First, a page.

A food safety factory shutdown has Americans hunting for baby formula. Readying themselves for a covid-19 lockdown, Chinese in Beijing emptied store shelves. Emerging from lockdown, some in Shanghai are visiting well-provisioned markets. U.S.-China agricultural trade is booming, but many are still being left hungry. Food security, sustainability and safety remain issues.
Congressional Research Service, “China Naval Modernization: Implications for U.S. Navy Capabilities,” June 5, 2014
China is building a modern and regionally powerful Navy with a modest but growing capability for conducting operations beyond China’s near-seas region. The question of how the United States should respond to China’s military modernization effort, including its naval modernization effort, has emerged as a key issue in U.S. defense planning. The question is of particular importance to the U.S. Navy, because many U.S. military programs for countering improved Chinese military forces would fall within the Navy’s budget.
As a part of the U.S. strategic rebalancing toward the Asia-Pacific region announced in January 2012, Department of Defense (DOD) planning is placing an increased emphasis on the Asia-Pacific region. Observers expect that, as a result, there will be a stronger emphasis in DOD planning on U.S. naval and air forces. Administration officials have stated that notwithstanding constraints on U.S. defense spending, DOD will seek to protect initiatives relating to the U.S. military presence in the Asia-Pacific region.
Decisions that Congress and the executive branch make regarding U.S. Navy programs for countering improved Chinese maritime military capabilities could affect the likelihood or possible outcome of a potential U.S.-Chinese military conflict in the Pacific over Taiwan or some other issue. Some observers consider such a conflict to be very unlikely, in part because of significant U.S.-Chinese economic linkages and the tremendous damage that such a conflict could cause on both sides. In the absence of such a conflict, however, the U.S.-Chinese military balance in the Pacific could nevertheless influence day-to-day choices made by other Pacific countries, including choices on whether to align their policies more closely with China or the United States. In this sense, decisions that Congress and the executive branch make regarding U.S. Navy programs for countering improved Chinese maritime military forces could influence the political evolution of the Pacific, which in turn could affect the ability of the United States to pursue goals relating to various policy issues, both in the Pacific and elsewhere.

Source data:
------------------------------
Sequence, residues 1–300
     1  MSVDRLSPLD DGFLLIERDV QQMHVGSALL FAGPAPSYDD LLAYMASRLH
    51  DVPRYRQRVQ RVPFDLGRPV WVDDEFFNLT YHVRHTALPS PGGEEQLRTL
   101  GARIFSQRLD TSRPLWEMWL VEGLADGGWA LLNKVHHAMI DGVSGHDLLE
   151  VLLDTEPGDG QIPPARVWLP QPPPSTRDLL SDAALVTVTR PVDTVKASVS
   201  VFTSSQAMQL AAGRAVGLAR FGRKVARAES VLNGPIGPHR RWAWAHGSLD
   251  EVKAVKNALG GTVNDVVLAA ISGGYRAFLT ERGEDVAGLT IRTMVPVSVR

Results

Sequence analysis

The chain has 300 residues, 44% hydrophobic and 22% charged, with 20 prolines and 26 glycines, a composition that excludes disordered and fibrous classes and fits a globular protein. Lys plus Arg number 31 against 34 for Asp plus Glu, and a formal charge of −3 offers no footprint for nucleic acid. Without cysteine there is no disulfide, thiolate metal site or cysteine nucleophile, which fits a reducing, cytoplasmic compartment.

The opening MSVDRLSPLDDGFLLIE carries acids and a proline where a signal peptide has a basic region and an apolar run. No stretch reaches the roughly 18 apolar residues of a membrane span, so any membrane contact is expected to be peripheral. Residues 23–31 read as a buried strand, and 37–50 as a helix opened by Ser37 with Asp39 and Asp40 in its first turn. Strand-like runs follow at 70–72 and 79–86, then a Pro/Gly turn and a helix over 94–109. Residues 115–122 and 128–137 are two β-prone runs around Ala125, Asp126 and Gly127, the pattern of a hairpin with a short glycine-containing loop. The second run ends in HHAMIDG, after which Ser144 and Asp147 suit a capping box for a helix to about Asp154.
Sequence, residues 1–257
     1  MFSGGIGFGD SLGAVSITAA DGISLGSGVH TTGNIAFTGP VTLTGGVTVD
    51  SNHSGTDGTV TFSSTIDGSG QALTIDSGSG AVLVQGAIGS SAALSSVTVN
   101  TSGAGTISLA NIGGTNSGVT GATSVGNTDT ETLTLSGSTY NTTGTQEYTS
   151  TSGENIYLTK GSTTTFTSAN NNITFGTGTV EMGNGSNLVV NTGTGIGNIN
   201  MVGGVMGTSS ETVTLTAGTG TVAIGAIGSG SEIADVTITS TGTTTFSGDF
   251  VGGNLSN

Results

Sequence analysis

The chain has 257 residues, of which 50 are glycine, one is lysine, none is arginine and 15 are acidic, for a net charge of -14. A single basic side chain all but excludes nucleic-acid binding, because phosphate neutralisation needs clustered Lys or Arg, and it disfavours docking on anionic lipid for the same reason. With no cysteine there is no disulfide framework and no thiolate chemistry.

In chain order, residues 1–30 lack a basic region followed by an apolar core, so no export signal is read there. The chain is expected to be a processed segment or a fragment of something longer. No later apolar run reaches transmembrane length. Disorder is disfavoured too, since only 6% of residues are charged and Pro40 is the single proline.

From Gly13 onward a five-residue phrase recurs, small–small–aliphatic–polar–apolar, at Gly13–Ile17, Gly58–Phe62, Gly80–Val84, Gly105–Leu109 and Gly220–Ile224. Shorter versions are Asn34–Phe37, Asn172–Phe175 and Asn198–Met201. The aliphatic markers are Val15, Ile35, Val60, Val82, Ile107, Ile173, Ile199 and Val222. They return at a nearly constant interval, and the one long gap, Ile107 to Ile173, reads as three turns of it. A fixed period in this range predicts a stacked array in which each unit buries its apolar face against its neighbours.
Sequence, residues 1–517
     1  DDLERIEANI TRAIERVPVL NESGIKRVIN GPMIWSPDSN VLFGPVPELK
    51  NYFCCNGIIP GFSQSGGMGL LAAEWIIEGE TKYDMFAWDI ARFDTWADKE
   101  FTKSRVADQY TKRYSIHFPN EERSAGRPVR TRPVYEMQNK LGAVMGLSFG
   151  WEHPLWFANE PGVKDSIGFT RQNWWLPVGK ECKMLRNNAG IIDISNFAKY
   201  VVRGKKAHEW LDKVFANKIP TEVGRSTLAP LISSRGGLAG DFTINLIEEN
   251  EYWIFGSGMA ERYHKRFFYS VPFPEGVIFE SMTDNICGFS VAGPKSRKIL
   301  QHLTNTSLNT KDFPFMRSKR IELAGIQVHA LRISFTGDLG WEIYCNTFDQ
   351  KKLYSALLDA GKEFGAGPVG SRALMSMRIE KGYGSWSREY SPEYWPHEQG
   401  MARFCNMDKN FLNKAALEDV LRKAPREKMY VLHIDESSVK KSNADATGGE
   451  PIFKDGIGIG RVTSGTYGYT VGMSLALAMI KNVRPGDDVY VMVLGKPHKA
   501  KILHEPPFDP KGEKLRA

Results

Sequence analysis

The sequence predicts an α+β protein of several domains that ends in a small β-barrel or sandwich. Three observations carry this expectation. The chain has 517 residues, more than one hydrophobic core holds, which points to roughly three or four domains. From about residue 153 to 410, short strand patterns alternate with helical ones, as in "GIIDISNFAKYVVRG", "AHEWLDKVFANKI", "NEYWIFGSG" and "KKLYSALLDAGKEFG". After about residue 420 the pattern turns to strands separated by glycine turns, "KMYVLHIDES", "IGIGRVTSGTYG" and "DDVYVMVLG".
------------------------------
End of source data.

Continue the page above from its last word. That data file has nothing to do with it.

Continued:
China’s naval modernization effort encompasses a broad array of weapon acquisition programs, including anti-ship ballistic missiles (ASBMs), anti-ship cruise missiles (ASCMs), submarines, surface ships, aircraft, and supporting C4ISR (command and control, communications, computers, intelligence, surveillance, and reconnaissance) systems. China’s naval modernization effort also includes reforms and improvements in maintenance and logistics, naval doctrine, personnel quality, education and training, and exercises.
Observers believe China’s naval modernization effort is oriented toward developing capabilities for doing the following: addressing the situation with Taiwan militarily, if need be; asserting or defending China’s territorial claims in the South China Sea and East China Sea; enforcing China’s view that it has the right to regulate foreign military activities in its 200-mile maritime exclusive economic zone (EEZ); displacing U.S. influence in the Western Pacific; and asserting China’s status as a leading regional power and major world power. Consistent with these goals, observers believe China wants its military to be capable of acting as an anti-access/area-denial (A2/AD) force—a force that can deter U.S. intervention in a conflict in China’s near-seas region over Taiwan or some other issue, or failing that, delay the arrival or reduce the effectiveness of intervening U.S. forces. China may also use its navy for other purposes, such as conducting maritime security (including anti-piracy) operations, evacuating Chinese nationals in foreign countries when necessary, and conducting humanitarian assistance/disaster response (HA/DR) operations.
Potential oversight issues for Congress include the following: whether the U.S. Navy in coming years will be large and capable enough to adequately counter improved Chinese maritime forces while also adequately performing other missions around the world; the Navy’s ability to counter Chinese ASBMs and submarines; and whether the Navy, in response to China’s maritime A2/AD capabilities, should shift over time to a more distributed fleet architecture.